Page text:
While the alumni petition offered a coherent, over-arching narrative about a once great Christian liberal arts college lapsing into fundamentalism, it did address three separate, but related, areas:
Faculty Retention, Turnover, and Dismissals
The petition alleges an increase in turnover under the current administration. This may indeed be a sign of trouble. We have already talked about why turnover matters. The real problem is that OBU is, almost without exception, replacing aging moderates with young fundamentalists. What was once an overwhelmingly moderate faculty will soon be a majority fundamentalist faculty. Then, no one will stand up for academic freedom and the BGCO's long-awaited transformation of OBU will be complete.
Then there is the fact that two faculty members were dismissed without cause. This sends a strong message to would-be professors who might be considering OBU. The kind of faculty we should want to be attracting will now avoid OBU. And the kind of faculty we hire are the kind of people who don't mind seeing insufficiently fundamentalist colleagues forced out.
Unfortunately, most faculty, students, and now alumni feel voiceless when it comes to the interpretation of OBU's mission and direction. This just raises the question of administrators' ultimate loyalty: Is it to OBU students and faculty, or is it to BGCO elites. So far, the answer seems pretty clear.
Structural Reorganization of Academic Departments
This concern seemed somewhat less problematic to me, but the petitioners do have a point. The most audacious part of the reorganization is that the new science and religion departments are named for two people who would be completely at odds with OBU's dramatic swing toward fundamentalism. I'm frankly shocked that the Hurley and Hobbs families have gone along with this charade. If my father's legacy and namesake was hijacked by fundamentalists who loathe everything he stood for, I would be irate. If anyone has more information on the Hobbs and Hurley families' reactions to the new academic divisions, please let me know.
We also noted the subtle swipe at moderates by removing Joe L. Ingram's name from the religion department and downgrading the legendary BGCO leader's namesake school to an extension program for fundamentalist pastors.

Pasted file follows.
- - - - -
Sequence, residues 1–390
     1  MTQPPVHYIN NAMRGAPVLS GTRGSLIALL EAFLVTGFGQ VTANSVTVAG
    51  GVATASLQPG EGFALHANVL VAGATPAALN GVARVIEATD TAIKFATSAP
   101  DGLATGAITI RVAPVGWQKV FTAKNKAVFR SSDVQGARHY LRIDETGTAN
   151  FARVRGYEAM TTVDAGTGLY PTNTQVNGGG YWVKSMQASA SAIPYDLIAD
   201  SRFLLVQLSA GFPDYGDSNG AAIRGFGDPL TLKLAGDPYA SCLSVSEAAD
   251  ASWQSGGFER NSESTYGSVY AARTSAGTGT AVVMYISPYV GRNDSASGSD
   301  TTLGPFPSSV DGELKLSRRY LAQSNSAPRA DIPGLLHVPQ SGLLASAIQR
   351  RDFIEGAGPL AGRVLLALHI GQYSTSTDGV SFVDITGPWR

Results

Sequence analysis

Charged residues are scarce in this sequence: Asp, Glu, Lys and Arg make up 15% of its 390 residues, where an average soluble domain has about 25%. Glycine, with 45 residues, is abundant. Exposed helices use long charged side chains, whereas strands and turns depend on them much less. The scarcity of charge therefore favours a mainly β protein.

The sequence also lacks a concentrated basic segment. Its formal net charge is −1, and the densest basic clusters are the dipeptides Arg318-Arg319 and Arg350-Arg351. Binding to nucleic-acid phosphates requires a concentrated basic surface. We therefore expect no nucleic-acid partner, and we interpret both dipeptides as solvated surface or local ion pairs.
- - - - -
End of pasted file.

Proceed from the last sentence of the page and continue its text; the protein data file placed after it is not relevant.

The petition summarizes its concerns:
...What the recent administration has failed to do is to build up a university inspired by passion and genuine research. It has forgotten that the Christian college has a constructive task, far more than a defensive one. It has overlooked the searching spirit of the Christian in a world that is fallen but also perpetually redeemed. That redemption comes from ridding ourselves of preconceived notions about what it means to be a believer and what it means to have knowledge. Arthur Holmes reminds us that, "all truth is God’s truth, wherever it be found." Finding this truth will not be achieved through a loss of good educators or in a university where honest conversation about the definition of truth does not flow freely.The Administration's Response
While the petition did not inspire a change of administrators' hearts, it did get their attention. In fact, by the end of the day administrators found out about the petition, they began a P.R. offensive that included a lengthy letter to the Board of Trustees. I have obtained a copy of that letter, but I do not think I will publish it here because I do not know if the correspondence was intended to be in confidence or not.
Unsurprisingly, the administration claims to be very proud of the credentials of professors recently hired at OBU. You will have to judge for yourself. I have no basis for judgment except to say that a) the academic job market is flooded, so we should have our pick, b) the interview process is now so ideological and such a fundamentalist litmus test that anyone who actually wants to teach at OBU after enduring it is immediately suspect as far as I'm concerned, and c) given the BGCO's tightening grip and OBU's lurch toward fundamentalism, anyone we should actually want to hire would probably not want to come to Bison Hill.